See how David Roche, a competitive triathlete, discovered his intolerance to gluten, maintained his competitive edge and celebrated with New Planet Beer.
It was Christmas. Or, if not the 25th, it was around that time in late December when walking into a department store would lead to post-traumatic stress disorder if anyone ever had a bad experience with silver bells. There was a 10km race that morning–I don’t remember the details anymore. Anyway, I was fortunate enough to win–but what happened next is why that day changed my life. Stomach pains became progressively worse until, incapacitated by pain, a friend took me to the hospital.
Three months later, I was getting weaker every day. After the Christmas Celiac diagnosis, my weight was dropping rapidly—and not in a good, yellow polka-dot bikini type of way. No, it was getting to the point that the slightest gust of wind had me doing impressions of the cow in Twister. At the first race back, I had nothing–no strength, no motivation, no energy. So I DNF’d. I always say life is amazing, but those three months made me question that. I was withering away, physically and mentally.
That was the spring of my junior year at college in New York City. The education was worth a bit of suffering, but I hated Manhattan. It was so impersonal. Why did no one ever smile!? With the big-city resentment fresh on my mind, and still struggling after learning I needed to be gluten-free, I traveled out to Boulder for research that summer. Stepping foot in Colorado for the first time, it was as if a light bulb suddenly illuminated. Everything changed. The people were uniquely awesome; the environment was a priority; and gluten-free was a healthy lifestyle choice embraced by the community.
Over the next few months, I learned how to be a gluten-free athlete. On my first long training run, two top-level triathletes told me the secrets–then, in an awesome tradition that epitomizes Boulder, we continued the conversation over rounds of New Planet Beer. Below is an attempt to paraphrase their wisdom:
1. Nuts and fruit provide great energy that you can munch on all day.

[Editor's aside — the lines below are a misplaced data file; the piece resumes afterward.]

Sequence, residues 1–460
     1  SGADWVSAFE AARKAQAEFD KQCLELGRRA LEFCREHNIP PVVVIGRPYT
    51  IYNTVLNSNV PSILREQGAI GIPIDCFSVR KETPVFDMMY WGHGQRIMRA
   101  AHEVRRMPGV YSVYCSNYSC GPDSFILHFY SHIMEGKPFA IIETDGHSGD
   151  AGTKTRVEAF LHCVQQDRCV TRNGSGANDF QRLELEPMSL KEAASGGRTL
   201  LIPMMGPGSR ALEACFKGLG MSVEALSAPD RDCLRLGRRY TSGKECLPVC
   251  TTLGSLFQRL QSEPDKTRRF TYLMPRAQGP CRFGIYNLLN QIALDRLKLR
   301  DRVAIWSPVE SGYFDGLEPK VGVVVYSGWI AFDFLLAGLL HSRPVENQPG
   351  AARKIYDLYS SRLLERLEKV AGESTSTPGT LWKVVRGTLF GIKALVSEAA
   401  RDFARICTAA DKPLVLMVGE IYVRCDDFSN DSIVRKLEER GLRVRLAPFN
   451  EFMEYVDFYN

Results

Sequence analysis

Speaking of nuts, I bet this beer would go great with some almonds. New Planet Beer is crisp, with a subtle sweetness that sets it apart from anything I had before going gluten-free
2. Don’t shy away from healthy carbs. Before workouts, cereal like Nature’s Path Peanut Butter Panda Puffs or Mesa Sunrise provide delicious energy. Multiple Ironman winners have a pre-race meal of gluten-free cereal. At the same time, reward yourself with potato chips, or chocolate.
What about beer? That’s a good reward, right? Because New Planet Beer is probably the most awesome drink I’ve ever had. They are an environmentally friendly company too, so I can justify a few more as part of my duty as an environmental scientist.
3. Protein and good fats should be the staples of your diet. Salmon, tuna, and free-range chicken are great; if you are a vegetarian, eggs are a great option, along with a whey protein supplement. Don’t shy away from olive oil, and cook for yourself! Make sweet-potato fries by tossing them with oil/spices. Make a delicious stir-fry with tons of veggies, rice, and eggs–add some flax for a nutty flavor.
Most of all, experiment.
Moving on to law school this year, back on the east coast, it is clear how important the last 2 summers in Boulder were to me as a person. I learned how to be a successful gluten-free athlete, sure, but meeting amazing friends over a few New Planet Beers was even more meaningful. Now, I know that I want to use my education to make a positive difference in the future of the natural world. Hopefully I can go back to Boulder for good at some point, but either way, I owe everything to my time on the trails, in the lab, and yes, in the bars, of Colorado.